The following titles are distributed in conjunction with Hobnob Press.
Ex Libris Press
NOTE: For up-to-date information about Ex Libris publications please visit
Colliers Way: history and walks in the Somerset coalfield, by Peter Collier. This book presents historical background, interviews with former miners and detailed descriptions of twelve walks. 2nd edition 1999, 160 pages, paperback, £6.95, ISBN 0-948578-43-2
The West Mendip Way: a guide for walkers of the 30-mile footpath from Uphill to Wells, by Derek Moyes. Detailed description and route finding, together with sketch maps and photographs. 1999, 112 pages, paperback, £5.95, ISBN 0-948578-45-9
The Day Returns: excursions in Wiltshire’s history, by John Chandler. The perfect dipping into book for all lovers of Wiltshire, packed with arcane facts, stories and characters presented in an entertaining and accessible way. 1998, 256 pages, paperback, £9.95, ISBN 0-948578-95-5
Exploring Historic Wiltshire, volume 2: South, by Ken Watts. Featuring six of the finest landscapes of rural south Wiltshire. Includes a series of guided walks. Reprinted 2001, 176 pages, paperback, £7.95, ISBN 0-948578-92-0 [note that volume 1: North is out of print]
Hosts of Ghosts, by Margaret Dobson and Simone Brightstein. First-hand evidence, without a shred of hearsay, of ghostly encounters in and around Bradford on Avon and West Wiltshire, collected by firmly sceptical authors who offer some thoughtful comments and invite a wide diversity of opinion. A refreshingly level-headed treatment of a fascinating subject. 2005, 160 pages, paperback, £6.95, ISBN 1-903341-29-9
The Marlborough Downs, by Ken Watts. The only book on the most accessible chalk downland in the county. Full of fascinating background and includes a series of guided walks. New edition 2003, 192 pages paperback, £9.95, ISBN 1-903341-15-9
The Mid-Wilts Way, by James Alsop. Guide to a new waymarked trail of 55 miles across Wiltshire. It traverses three of the county’s finest downland areas and passes through nine picturesque villages, runnig from Wootton Rivers via Morgans Hill, Steeple Ashton and Horningsham to Mere. 2007, 80pp, maps and ills, paperback, £5.95, ISBN 978-1-903341-42-1, £5.95
Bradford on Avon past and present, by Harold Fassnidge. New revised and updated edition by Roger Jones of the acclaimed history of one of Wiltshire’s most attractive and interesting towns. Bradford on Avon, well known for its Saxon church and medieval barn, retains also a wealth of domestic and industrial buildings from its clothmaking past, and has recently been the scene of important Roman archaeological discoveries, which are included in this new edition of the standard history. 2007, 192pp, many ills, paperback, £9.95, ISBN 978-1-903341-30-8
Pewsey Rambles: Walks on the Pewsey downs and surrounding area, by James Alsop. The Pewsey downs are remarkable for their steep, sudden slopes, dramatic views, various hilltop summits and historic features. Combined with their unspoilt character, they arguably represent the finest downland scenery in Wiltshire and beyond. This practical guide describes twelve walks of varying lengths, with directions, maps and suggestions for longer walks. 2008, 80pp, ills and maps, paperback, £5.95, ISBN 978-1-906641-03-0
Wiltshire Buildings Record
Between 1988 and 2001 four monographs drawing on the Record’s archive and written by its then organizer, vernacular architecture authority Pamela Slocombe, were published and remain in print. Small but packed with information and brimming with relevant illustrations, they have all become standard works for the understanding of Wiltshire buildings. These are supplemented by two directories of local architects. Other books published by Hobnob Press on behalf of the Wiltshire Buildings Record appear on the main Hobnob Press pages.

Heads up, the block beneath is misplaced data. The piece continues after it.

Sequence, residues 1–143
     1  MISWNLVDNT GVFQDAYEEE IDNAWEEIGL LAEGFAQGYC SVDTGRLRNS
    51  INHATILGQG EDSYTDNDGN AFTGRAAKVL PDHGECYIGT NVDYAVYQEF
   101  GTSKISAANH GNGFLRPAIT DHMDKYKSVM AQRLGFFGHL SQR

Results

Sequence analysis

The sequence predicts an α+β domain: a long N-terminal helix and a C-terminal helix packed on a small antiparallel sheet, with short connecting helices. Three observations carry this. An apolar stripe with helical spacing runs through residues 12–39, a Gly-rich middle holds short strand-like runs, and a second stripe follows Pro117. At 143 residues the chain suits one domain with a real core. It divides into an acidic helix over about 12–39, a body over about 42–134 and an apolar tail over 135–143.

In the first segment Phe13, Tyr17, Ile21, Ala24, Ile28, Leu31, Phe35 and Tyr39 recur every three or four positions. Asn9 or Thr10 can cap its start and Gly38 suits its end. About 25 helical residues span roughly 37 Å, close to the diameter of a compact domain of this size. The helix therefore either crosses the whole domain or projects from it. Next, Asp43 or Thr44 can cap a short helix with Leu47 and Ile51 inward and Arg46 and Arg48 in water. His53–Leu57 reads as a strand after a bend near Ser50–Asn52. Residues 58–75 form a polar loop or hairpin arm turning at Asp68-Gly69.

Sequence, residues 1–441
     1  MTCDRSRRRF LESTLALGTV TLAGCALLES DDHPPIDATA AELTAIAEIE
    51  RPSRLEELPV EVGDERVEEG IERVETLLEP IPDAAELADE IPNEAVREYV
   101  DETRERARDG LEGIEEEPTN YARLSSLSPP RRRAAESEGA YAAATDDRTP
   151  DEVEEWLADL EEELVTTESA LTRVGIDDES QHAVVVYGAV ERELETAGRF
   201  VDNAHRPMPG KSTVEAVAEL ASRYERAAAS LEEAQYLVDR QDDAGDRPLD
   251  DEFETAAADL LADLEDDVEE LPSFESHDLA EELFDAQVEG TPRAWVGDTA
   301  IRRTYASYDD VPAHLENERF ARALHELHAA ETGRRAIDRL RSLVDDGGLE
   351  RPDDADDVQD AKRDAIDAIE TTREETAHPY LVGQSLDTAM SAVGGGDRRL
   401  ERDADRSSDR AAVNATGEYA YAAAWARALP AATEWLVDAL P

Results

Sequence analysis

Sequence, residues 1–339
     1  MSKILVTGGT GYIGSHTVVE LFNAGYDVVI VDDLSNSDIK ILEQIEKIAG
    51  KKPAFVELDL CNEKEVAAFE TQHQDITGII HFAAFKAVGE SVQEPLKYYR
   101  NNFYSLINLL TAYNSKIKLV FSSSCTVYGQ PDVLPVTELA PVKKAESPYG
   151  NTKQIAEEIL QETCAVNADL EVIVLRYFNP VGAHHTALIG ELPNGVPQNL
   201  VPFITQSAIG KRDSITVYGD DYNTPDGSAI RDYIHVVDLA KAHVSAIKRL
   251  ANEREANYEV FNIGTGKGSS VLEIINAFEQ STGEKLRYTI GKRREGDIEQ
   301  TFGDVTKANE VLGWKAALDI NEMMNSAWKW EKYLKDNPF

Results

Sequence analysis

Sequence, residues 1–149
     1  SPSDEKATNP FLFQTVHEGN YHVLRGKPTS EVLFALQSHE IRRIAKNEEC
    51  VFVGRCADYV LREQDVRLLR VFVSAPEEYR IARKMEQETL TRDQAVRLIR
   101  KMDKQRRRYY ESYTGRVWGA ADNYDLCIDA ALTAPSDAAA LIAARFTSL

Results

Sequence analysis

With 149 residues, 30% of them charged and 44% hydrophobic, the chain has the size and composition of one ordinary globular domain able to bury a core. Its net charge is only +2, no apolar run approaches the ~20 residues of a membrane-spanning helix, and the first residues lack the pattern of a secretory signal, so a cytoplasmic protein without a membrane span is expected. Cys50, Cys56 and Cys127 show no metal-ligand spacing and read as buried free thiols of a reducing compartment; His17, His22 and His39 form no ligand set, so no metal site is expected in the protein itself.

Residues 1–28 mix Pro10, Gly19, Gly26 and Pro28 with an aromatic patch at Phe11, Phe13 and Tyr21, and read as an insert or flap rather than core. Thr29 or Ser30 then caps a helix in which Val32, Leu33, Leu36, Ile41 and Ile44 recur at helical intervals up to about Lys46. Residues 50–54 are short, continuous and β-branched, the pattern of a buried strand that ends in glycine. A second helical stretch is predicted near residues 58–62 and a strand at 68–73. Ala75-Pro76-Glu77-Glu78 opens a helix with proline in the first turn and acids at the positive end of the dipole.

Wiltshire Farmhouses and Cottages 1500-1850, 1988 (reprinted 2000), 72 pages, paperback, £6.00, ISBN 0-9509099-5-5
Wiltshire Farm Buildings 1500-1900, 1989, 80 pages, paperback, £5.00, ISBN 0-9509099-6-3
Medieval Houses of Wiltshire, 1992, 110 pages, paperback, £6.00, ISBN 0-7509-0285-X
Wiltshire Town Houses 1500-1900, 2001, 112 pages, paperback, £6.00, ISBN 1-903341-75-0
In addition the Record has published two lists of Wiltshire architects and building craftsmen:
Architects and Building Craftsmen with work in Wiltshire, edited by Pamela Slocombe. An index, arranged by architect, compiled by Donald Watts, Barbara Rogers and others. Includes an introduction, portraits, place-index and reproductions of advertisements.1996, 132pp, paperback, £6.00, ISBN 0-9527933-0-X.
Architects and Building Craftsmen with work in Wiltshire, vol. 2, by Pamela Slocombe.Volume 2 greatly expands the previous work, and in some instances corrects it, with many previously unlisted craftsmen. Thousands of Wiltshire buildings are included, and there is a particular emphasis on the Swindon area. 2006, 200pp, ills, paperback, £8.00, ISBN 0-9527933-1-8
Wiltshire Record Society
Distribution and direct sales of new and recent volumes (from volume 52, 1998) in this respected and authoritative record-publishing society’s series have been handled by Hobnob Press. Copies of most earlier volumes (many at reduced prices) are still available directly from the Society, c/o Wiltshire & Swindon History Centre, Cocklebury Road, Chippenham SN15 3QN, from whom a list of WRS publications and membership application form are also available. The following volumes are available from Hobnob Press at £20.00 each, including UK postage. All are hardback, with attractive uniform jackets.
52. Printed maps of Wiltshire, 1787-1844, edited by John Chandler. Includes facsimiles of Charles Greenwood’s map of Wiltshire, 1820; the Wiltshire portion of Archibald Robertson’s map of the Bath road, 1792; maps of the Kennet and Avon, and Wilts and Berks canals, 1793; Philip Crocker’s maps of south Wiltshire hundreds for Sir Richard Colt Hoare, 1822-44; and several small-scale county maps; with introduction and detailed index. 1998. pp. xxvii 264, maps. ISBN 0-901333-29-8.